Given a assortment of words, say 'love', 'John' and 'Mary' and a structural pattern which arranges them as 'John enjoys Mary' you have interpretation. But only, up to now, area of the interpretation. We will, when hearing the speaker, probably be able to ascertain that the speaker:

Thinks that statement reports a fact; or

Is querying whether it's in reality John (or someone else) who is in love with Mary; or

Is querying whether John is in love with Mary (or another person); or

Is querying whether John loves her (or only loves her, or is aware of her); or

Is stating that it is John, (rather than anyone else) who adores Mary; or

Is stating that it is Mary, (not Jane, )that John loves; or

Is stating that it is John loves John adores Mary (doesn't hate her, or just like her).

In addition we may also find out that the speaker:

Disapproves of the complete business; or

Is delighted with the news headlines; or

Is uninterested in the news headlines; or

Is skeptical of the news;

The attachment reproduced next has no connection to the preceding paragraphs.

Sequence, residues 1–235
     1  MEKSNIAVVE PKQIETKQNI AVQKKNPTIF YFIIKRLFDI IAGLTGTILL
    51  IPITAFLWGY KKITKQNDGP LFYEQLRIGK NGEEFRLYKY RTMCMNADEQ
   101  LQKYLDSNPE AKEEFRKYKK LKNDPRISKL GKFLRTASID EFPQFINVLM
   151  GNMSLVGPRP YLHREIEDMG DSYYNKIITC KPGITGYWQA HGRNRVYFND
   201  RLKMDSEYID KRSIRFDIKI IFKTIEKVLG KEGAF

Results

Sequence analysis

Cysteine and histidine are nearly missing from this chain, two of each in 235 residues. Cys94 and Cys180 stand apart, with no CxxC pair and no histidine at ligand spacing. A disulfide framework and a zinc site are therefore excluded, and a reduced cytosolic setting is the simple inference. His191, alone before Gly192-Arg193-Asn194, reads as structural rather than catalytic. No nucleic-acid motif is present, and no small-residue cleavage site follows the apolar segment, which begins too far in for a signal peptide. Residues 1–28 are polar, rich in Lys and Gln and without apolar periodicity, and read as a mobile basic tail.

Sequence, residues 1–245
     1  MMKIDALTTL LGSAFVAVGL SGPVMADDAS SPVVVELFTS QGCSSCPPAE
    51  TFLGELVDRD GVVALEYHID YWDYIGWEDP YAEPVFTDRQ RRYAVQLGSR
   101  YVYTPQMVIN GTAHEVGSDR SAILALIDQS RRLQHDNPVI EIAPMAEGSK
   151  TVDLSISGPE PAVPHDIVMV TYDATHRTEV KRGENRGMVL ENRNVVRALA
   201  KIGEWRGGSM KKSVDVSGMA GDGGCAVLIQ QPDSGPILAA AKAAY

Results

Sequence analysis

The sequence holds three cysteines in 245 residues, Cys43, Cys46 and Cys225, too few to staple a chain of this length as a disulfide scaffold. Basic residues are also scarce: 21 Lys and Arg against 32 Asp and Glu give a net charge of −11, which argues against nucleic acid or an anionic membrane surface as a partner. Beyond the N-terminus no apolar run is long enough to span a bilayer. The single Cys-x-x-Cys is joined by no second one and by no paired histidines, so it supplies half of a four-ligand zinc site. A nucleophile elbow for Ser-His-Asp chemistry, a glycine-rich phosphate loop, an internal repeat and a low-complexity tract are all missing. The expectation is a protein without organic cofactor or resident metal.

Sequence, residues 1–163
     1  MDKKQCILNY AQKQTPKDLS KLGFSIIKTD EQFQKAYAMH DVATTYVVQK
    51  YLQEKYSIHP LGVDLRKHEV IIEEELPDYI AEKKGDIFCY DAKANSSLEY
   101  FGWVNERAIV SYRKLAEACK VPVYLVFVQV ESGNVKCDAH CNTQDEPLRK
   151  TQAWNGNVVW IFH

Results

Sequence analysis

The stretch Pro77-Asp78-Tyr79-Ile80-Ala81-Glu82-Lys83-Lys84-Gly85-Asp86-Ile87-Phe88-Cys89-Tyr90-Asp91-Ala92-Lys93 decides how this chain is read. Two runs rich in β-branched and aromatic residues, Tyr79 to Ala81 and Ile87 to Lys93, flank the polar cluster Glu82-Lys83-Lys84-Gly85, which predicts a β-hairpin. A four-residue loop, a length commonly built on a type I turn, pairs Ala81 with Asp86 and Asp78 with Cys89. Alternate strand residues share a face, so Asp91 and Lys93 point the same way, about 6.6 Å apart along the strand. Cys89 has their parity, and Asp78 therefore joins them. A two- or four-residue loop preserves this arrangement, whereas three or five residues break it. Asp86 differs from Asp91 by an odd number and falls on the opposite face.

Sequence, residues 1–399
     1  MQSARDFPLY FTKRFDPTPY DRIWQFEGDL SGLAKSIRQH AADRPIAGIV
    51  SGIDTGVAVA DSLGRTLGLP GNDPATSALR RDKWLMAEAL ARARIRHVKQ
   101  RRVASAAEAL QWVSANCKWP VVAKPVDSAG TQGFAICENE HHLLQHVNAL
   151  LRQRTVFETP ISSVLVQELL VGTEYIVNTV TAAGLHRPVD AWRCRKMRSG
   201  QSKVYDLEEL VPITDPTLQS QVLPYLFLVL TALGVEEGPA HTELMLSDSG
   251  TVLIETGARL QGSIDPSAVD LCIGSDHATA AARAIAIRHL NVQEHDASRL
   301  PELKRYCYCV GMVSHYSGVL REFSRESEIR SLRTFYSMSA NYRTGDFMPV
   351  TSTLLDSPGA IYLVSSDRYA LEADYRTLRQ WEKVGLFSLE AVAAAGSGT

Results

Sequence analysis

In the situation of (a) to (g) the interpretation is based on the guidelines of the English language that are as consistence and forceful as the guidelines which say that ' love' means one thing and 'hate' another or that 'I' is followed by 'am' rather than 'is'. The fact these tune guidelines have not yet been totally codified or detailed will not invalidate this assertion since it has been realized that in many ways there is absolutely no complete information of any modern English rules, whether of grammar or intonation. The analysis of British intonation is still incomplete. Similar guidelines should be applied to supply the interpretations recommended in (h)-(k) and other utterances like these, but here the interpretation by the hearer will probably rely on other features as well. They are the features may include gesture, cosmetic appearance and other tone features which are occasionally called Paralinguistic's, these features includes specific things like the quality of the voice-creaky, husky, whispery and so on, or even the achievement of other non speech may seem such as giggles, laughter, , sobs or snorts.